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The Hayes family is a low-income family whose rent is subsidized by enhanced voucher assistance under the Housing Act, 42 U.S.C. 1437f(t) (Section 8). Enhanced vouchers exist to enable residents to “choose” to continue renting the “dwelling unit in which they currently reside.”because an ordinary voucher does not cover a tenant’s rent to the extent that it exceeds the applicable payment standard, and, following a valid opt-out, property owners are no longer subject to limitations on what they may charge for rent. The Hayes family's eligibility to receive enhanced vouchers is contingent upon their continued tenancy in a unit currently owned by Harvey. Harvey notified the Hayes family that he would not renew their lease. The Hayes family refused to vacate, arguing that as enhanced-voucher tenants, they have an enforceable “right to remain” in their unit as long as it is offered for rental housing. The district court granted Harvey summary judgment. The Third Circuit initially affirmed. On rehearing, the Third Circuit reversed. The statute’s plain language and history indicate that enhanced voucher holders may not be evicted absent good cause, even at the end of a lease term. The court remanded so that the district court may consider whether Harvey has good cause to evict. View "Hayes v. Harvey" on Justia Law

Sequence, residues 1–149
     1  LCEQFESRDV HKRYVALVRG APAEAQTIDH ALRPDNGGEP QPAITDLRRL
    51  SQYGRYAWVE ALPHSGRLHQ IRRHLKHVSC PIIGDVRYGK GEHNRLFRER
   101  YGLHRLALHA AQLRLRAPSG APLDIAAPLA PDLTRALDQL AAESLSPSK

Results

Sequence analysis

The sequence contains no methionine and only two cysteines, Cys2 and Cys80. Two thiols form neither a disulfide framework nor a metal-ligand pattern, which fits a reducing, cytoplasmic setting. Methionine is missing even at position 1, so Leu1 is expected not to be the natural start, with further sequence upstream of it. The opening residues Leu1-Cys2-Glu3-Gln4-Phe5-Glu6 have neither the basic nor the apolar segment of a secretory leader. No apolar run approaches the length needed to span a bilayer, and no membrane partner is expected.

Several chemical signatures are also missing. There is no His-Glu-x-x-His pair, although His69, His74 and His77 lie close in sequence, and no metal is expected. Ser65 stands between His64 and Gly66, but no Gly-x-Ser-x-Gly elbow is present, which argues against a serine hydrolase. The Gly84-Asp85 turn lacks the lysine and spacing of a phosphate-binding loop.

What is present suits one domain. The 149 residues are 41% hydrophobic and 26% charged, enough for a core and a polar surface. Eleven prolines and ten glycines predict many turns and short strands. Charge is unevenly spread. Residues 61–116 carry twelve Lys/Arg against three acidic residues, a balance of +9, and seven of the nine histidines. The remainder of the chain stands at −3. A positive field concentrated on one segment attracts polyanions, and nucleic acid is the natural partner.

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Aponte moved into his mother's one-bedroom New York City Housing Authority (NYCHA)-owned apartment and cared for her until she died in 2012. Two requests for Aponte to be granted permanent permission to live with his mother were denied. After she died, Aponte requested to be allowed to lease her apartment as a "remaining family member." NYCHA denied his request, finding that Aponte lacked permanent permission to reside in the apartment; management properly denied such permission because Aponte's presence would have violated occupancy rules for overcrowding. A person lacking permanent permission to reside in an apartment is not eligible for RFM status. The Court of Appeals upheld the denial. Under its rules, NYCHA could not have granted Aponte permanent permission to reside in his mother's apartment, and thus could not have granted his request for RFM status. NYCHA's rules contemplate that a tenant may require a live-in home-care attendant, either for a transient illness or the last stages of life, and expressly allow for such an attendant as a temporary resident, even if that permission will result in "overcrowding," regardless of whether the attendant is related to the tenant. NYCHA's policy is not arbitrary and capricious for not allowing Aponte to bypass the 250,000-household waiting line as a reward for enduring an "overcrowded" living situation while caring for his mother. View "Aponte v Olatoye" on Justia Law